The Lonely Hearts Hotel (HarperCollins), Heather O’Neill’s third novel, follows two orphans and a memorable cast of supporting characters
as their dreams unfold in Depression-era Montreal. Published to rave reviews
and nominated for the Bailey’s Women’s Prize for Fiction, acclaim for this
novel shows no signs of slowing down. Maisonneuve
had the chance to talk with O’Neill about corrupt city officials in the red
light district, how every line of writing is like a musical score, and how the Montreal
in each of her novels is different from the last.
Matthew Walsh: I was wondering how you crafted each character in the novel. They all have distinct voices—the things Rose says, especially early in the novel, are intriguing, dream-like, surreal. A teacher once told me she liked to go to bars and listen to what people were saying, and sometimes it would inspire a poem or character. Was any of the dialogue inspired by something you overheard?
Heather O’Neill: No. It’s a historical novel, so the dialogue has to be less colloquial. In that sense, it was harder to write. The dialogue I’ve written in my novels with more contemporary settings has been based on overheard language and peculiar speech patterns I’ve encountered and enjoyed, and the way I speak myself. But this was a more stylized dialogue, based on a cross between the dialogue in children’s books, depression gangster novels, and feminist voices of the twentieth century. With, of course, a touch of the deadpan humour that I always adore in conversation.
MW: Where did the character of Rose originate? Did you base her on anyone?
HO: She was based on a character I invented when I was twenty-two called Doll Stockings. She was a cynical gangster’s moll with a penchant for violence and a wild sex drive. Of course, in the novel, I developed her into a rounded three-dimensional character, with melancholy, ambition and a childhood. I looked behind the persona. When I first met her, she was peeking out from the collars of a fur coat and didn’t want anyone, including me, to know who exactly she was.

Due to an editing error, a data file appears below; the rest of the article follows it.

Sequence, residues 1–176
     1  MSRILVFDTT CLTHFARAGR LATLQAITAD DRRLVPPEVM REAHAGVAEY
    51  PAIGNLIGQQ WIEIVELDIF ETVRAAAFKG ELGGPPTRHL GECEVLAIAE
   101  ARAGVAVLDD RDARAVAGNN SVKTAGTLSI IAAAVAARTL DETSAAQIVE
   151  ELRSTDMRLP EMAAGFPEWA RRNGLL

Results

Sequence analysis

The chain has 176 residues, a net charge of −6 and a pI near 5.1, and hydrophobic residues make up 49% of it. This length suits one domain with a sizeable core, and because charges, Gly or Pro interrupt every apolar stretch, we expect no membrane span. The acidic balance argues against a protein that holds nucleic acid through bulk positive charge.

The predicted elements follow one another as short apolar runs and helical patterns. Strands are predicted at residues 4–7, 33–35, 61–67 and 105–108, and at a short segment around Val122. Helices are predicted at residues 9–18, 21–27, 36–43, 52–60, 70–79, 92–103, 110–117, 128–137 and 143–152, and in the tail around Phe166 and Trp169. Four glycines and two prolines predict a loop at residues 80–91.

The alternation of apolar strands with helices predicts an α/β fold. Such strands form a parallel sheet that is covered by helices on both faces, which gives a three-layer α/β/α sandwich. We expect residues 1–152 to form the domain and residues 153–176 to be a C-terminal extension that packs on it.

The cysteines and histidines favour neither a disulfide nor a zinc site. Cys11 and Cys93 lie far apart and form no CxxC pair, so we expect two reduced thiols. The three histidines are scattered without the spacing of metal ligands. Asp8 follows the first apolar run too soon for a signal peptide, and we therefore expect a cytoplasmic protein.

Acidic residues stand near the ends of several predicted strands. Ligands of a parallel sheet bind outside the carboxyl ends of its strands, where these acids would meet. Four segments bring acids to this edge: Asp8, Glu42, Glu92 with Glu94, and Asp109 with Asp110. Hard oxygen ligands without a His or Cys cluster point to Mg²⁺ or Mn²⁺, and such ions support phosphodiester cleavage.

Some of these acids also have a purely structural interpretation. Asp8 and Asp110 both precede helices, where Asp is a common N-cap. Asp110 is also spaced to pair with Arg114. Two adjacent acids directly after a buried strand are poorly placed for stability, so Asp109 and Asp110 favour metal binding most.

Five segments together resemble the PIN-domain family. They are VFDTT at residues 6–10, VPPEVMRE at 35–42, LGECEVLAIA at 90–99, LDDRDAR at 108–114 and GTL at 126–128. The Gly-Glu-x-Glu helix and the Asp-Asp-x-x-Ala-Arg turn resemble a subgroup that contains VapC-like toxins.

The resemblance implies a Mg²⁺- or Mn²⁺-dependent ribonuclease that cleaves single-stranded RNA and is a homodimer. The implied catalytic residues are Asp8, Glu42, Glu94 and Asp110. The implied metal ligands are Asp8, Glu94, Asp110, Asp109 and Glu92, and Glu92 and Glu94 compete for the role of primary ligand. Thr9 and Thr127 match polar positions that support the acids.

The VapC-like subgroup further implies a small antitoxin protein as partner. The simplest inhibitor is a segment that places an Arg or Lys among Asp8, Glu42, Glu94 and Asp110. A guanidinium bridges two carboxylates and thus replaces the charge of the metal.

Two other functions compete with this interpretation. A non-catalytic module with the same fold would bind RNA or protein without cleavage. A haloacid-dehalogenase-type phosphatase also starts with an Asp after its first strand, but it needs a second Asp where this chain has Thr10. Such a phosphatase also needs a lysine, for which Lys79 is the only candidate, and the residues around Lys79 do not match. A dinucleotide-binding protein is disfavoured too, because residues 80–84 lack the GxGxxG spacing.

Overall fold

MW: I saw a post on Twitter about how you visited orphanages while writing this novel. The novel has a historical component to it, beginning in the early 1900s and continuing through the Depression. And there are references to streets and landmarks in Montreal. The Darling Hotel, for instance. I was curious about your research methods for The Lonely Hearts Hotel. Did you learn anything about Montreal, or other facts from this time period that were new to you?
HO: For the beginning of the novel, I learned a lot about the predicaments of unwed single mothers at the turn of the century and the Hôpital de la Misèricorde. I was interested in the treatment of foundlings and abandoned children. I learned about the history of the red light district in Montreal. I found out a lot about clubs and brothels, how they were organized and how corrupt city officials were. Interestingly, the only reason the city made an effort to clean up the brothels was when the American army refused to dock their ships in Montreal because all the soldiers had contracted the clap here.
MW: Pierrot, one of the two main characters, gets a job playing piano for people in a theatre that used to play musical scores for silent era films. While I was reading I couldn’t help but recall some of those old Hollywood silent films, performers like Shirley Temple and Mickey Roone, vaudeville theatre, and shows like The Little Rascals and The Judy Garland Show, where people would sit and chat, as well as perform. Did some of the inspiration for this book come from these art forms?